1. The plaintiff-applicant brought the suit, out of which this revision has arisen, for recovery of Rs. 506-6-0, alleged to be due under a pro-note, dated 6th January 1925, executed by the defendant. The plaint recites that, in consequence of the defendant's fraudulent conduct, a stamp of only one anna was affixed on the pro-note which, on that account, is inadmissible in evidence, and that the plaintiff claims to recover on foot of the loan transaction independently of the pro-note which he relies on for a collateral purpose. The plaint, as drawn up, is more capable of the interpretation that, according to the plaintiff, the loan had been advanced on 6th January 1925, though, it is not altogether inconsistent with the case that the pro-note was executed in lieu of an old debt. The plaintiff started to establish the case of cash consideration having been paid on the execution of the pro-note referred to; but his own witnesses, under the circumstances which it is not necessary to go into, gave away that case and disclosed, what has been found by the Court below, that a pro-note had been executed by the defendant in favour of the plaintiff in 1923 and that, in lieu of the principal and interest due under that pro-note, the fresh loan transaction of 1925 was entered into between the parties. We must, therefore, accept, for the purpose of this case, as found by the Court below, that the defendant was indebted to the plaintiff for a sum of Rs. 349. and that his claim for that amount was within time on 6th January 1925, when a fresh pro-note was executed. A receipt of even date was also executed by the defendant and was duly attested by two witnesses. The lower Court (Small Cause Court at Allahabad) dismissed the suit on the ground that the claim to recover the debt due under the pro-note of 1923 was barred at the date of the present suit, which was brought on 5th January 1928, and that limitation was not saved by any acknowledgment of that debt inasmuch as the pro-note,dated 6-1-1925, contained no acknowledgment of the debt of 1923 but of a debt supposed to have been advanced on 6-1-1925.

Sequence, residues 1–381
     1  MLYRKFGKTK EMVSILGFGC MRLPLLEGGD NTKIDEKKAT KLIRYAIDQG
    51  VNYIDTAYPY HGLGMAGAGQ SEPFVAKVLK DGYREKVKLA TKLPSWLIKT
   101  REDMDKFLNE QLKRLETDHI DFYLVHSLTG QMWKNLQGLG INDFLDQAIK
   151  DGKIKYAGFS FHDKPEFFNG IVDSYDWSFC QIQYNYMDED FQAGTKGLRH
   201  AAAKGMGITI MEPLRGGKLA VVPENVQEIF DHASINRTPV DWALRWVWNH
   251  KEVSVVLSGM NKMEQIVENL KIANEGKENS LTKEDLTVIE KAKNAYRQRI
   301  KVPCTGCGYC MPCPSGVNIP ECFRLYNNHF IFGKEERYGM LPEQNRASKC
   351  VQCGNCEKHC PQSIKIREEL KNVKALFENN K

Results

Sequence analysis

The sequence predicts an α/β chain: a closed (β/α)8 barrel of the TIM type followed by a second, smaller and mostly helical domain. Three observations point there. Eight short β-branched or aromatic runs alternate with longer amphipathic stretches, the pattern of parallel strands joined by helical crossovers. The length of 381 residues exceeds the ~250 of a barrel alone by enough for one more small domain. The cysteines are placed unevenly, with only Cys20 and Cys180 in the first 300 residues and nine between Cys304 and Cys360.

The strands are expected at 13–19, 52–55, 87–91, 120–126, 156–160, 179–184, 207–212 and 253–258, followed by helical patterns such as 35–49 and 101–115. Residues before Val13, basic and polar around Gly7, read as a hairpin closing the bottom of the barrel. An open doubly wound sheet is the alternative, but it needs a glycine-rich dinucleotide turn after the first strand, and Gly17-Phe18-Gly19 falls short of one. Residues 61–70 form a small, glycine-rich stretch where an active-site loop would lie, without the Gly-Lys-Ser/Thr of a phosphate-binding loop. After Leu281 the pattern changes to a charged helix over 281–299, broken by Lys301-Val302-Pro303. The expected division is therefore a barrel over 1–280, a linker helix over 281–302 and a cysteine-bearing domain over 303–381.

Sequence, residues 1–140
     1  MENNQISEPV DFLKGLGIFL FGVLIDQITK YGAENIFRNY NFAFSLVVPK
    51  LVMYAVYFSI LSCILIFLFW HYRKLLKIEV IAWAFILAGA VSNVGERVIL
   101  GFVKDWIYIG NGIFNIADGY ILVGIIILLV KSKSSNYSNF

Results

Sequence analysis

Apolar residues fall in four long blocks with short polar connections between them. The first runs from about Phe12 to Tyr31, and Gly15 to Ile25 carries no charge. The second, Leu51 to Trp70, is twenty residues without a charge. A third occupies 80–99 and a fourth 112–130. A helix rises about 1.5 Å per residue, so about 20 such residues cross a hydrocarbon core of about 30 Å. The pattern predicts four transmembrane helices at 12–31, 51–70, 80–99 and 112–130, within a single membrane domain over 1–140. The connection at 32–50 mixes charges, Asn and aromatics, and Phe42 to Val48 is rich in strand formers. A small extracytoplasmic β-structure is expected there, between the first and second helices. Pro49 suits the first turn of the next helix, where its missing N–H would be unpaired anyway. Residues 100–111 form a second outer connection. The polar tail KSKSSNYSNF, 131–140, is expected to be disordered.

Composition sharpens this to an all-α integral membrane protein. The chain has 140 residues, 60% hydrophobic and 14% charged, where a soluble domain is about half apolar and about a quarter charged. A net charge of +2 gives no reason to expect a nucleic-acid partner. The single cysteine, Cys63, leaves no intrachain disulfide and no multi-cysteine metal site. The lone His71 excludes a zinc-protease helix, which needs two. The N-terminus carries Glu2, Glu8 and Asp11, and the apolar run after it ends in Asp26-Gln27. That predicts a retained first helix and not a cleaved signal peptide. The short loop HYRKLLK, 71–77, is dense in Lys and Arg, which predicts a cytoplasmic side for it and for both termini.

2. I am of opinion that the plaintiff-applicant is entitled to succeed as regards the principal debt at least on the strength of the acknowledgment contained in the receipt dated 6th January 1925. I ignore the pro-note altogether for want of proper stamp. There can in my opinion, be no question as regards the admissibility of the receipt in proof of an acknowledgment, not as saving limitation for the older debt of 1923, but as the foundation of claim to enforce liability acknowledged thereunder.
3. The acknowledgment of a debt implies a promise to pay. Such an acknowledgment is required to bear a stamp of one anna under Sch. 1, Article 1, Stamp Act. Where there is an express promise to pay, the document cannot operate as an acknowledgment, but should be stamped as a bond. In so far, therefore, as a document contains a mere admission of liability, a stamp of one anna is quite sufficient: but, in so far as it may contain a promise to pay, it will be inadmissible, being a bond to that extent. The receipt before us, as I construe it, is a clear acknowledgment of the defendant being a debtor to the plaintiff to the extent of Rs. 349 under a pro-note, dated 6th January 1925, which, of course, has to be ignored as a piece of evidence. The receipt is to the effect that Bijay Bahadur Singh, the defendant, borrowed Rs. 349 under a pro-note, dated 6th January 1925, at 1/4 per cent per mensem. The portion of the receipt relating to the interest amounts to an agreement to pay interest, and is, to that extent, inadmissible for want of proper stamp duty, as if it were a bond; but the stamp of one anna, which is affixed to the receipt, would cover the other part of the receipt which acknowledges the loan of Rs. 349.
4. The next question is whether an acknowledgment, clear and unconditional, can itself be the foundation of an action. I think that the answer must be in the affirmative. In Kalka Singh v. Paras Ram  22 Cal. 434 (at p. 444) their Lordships of the Privy Council observed, in a case in which the facts were different and in which the acknowledgment was held to be of no avail, that